Chapter 3 confers a wide power to enable financial assistance to be given by the Secretary of State for any purposes connected with Defra activities.

Part 9: Miscellaneous

Various Acts, apart from the Act dealing with the designation of National Parks, refer to areas of natural beauty. Section 99 clarifies what may be taken to contribute to natural beauty for the purposes of such references. This section was included in this Act as part of the response to the Meyrick case mentioned above.

Section 100 amends byelaw-making powers relating to flood defence and the drainage system more generally, so that they can take environmental matters into account.

Section 101 provides for the abolition of certain defunct statutory committees.

Part 10: Final provisions

Part 10, as well as providing standard provisions in relation to transitional arrangements, commencement and extent, introduces two Schedules: Schedule 11 which contains minor and consequential amendments, and Schedule 12 which contains repeals.

TERRITORIAL EXTENT

Part 1 (Natural England and the Commission for Rural Communities) extends to England and Wales only. But section 1(2) makes it clear that, except where expressly otherwise provided, Natural England's functions are exercisable only in relation to England. Similarly, the Commission's general purpose relates to England only.

Part 2 (nature conservation in the UK) extends to Scotland and Northern Ireland as well as England and Wales.

Part 3 (wildlife etc.), extends to England and Wales only, except that its amendments to the Wildlife and Countryside Act 1981 (including those in Schedule 5) extend also to the territorial waters adjacent to England and Wales, and section 52 and Schedule 6 (wildlife offences: time limits for proceedings) extend to any place to which the enactments amended by Schedule 6 extend.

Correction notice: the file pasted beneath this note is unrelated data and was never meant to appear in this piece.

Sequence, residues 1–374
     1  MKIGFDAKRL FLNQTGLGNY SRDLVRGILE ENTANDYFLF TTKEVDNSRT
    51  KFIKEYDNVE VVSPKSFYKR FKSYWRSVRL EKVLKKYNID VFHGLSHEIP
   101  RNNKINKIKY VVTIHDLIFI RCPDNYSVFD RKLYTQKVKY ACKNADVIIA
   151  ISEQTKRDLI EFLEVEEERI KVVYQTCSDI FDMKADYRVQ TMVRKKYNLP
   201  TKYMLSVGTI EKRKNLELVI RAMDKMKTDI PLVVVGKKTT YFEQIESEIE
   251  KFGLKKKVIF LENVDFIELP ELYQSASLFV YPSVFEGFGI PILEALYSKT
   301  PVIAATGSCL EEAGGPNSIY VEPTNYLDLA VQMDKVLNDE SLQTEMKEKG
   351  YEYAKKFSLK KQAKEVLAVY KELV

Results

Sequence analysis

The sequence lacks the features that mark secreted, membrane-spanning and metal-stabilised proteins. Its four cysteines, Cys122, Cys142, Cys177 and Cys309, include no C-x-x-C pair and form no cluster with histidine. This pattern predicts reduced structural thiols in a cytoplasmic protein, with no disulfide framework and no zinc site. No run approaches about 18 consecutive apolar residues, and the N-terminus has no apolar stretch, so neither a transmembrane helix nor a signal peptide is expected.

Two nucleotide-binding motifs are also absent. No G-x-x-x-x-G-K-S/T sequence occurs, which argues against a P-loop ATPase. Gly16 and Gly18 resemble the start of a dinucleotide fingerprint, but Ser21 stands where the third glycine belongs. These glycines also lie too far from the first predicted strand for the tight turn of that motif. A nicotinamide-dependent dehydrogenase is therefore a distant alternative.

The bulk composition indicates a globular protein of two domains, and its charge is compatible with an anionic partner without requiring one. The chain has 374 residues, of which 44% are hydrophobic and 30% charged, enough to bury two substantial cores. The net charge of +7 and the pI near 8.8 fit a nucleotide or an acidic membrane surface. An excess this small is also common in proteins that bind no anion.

Parts 4 (sites of special scientific interest), 5 (National Parks and the Broads) and 6 (rights of way) extend to England and Wales only.

Part 7 (inland waterways) extends to England and Wales, and Scotland.

All of Part 8 (flexible administrative arrangements) extends to England and Wales. Chapter 2 (powers to reform agricultural etc. bodies) extends also to Scotland and Northern Ireland. Chapter 3 (financial assistance) extends also to Northern Ireland, but it should be noted that that Part does not confer power to give financial assistance in respect of devolved matters.

In Part 9 (miscellaneous), section 98 (byelaws relating to land drainage) extends to England and Wales only and section 99 (abolition of certain agricultural etc. committees) extends to the whole of the United Kingdom.

Part 10 (final provisions) extends to England, Wales, Scotland and Northern Ireland as appropriate. Amendments, repeals and revocations in Schedules 11 and 12 have the same extent as the provision to which they relate, or as provided in the Schedules.

Pertinence to Agriculture:  Natural environment, Nature conservation, Wildlife, SSSI, National Parks and the Broads, Rights of way, Inland waterways, Rural communities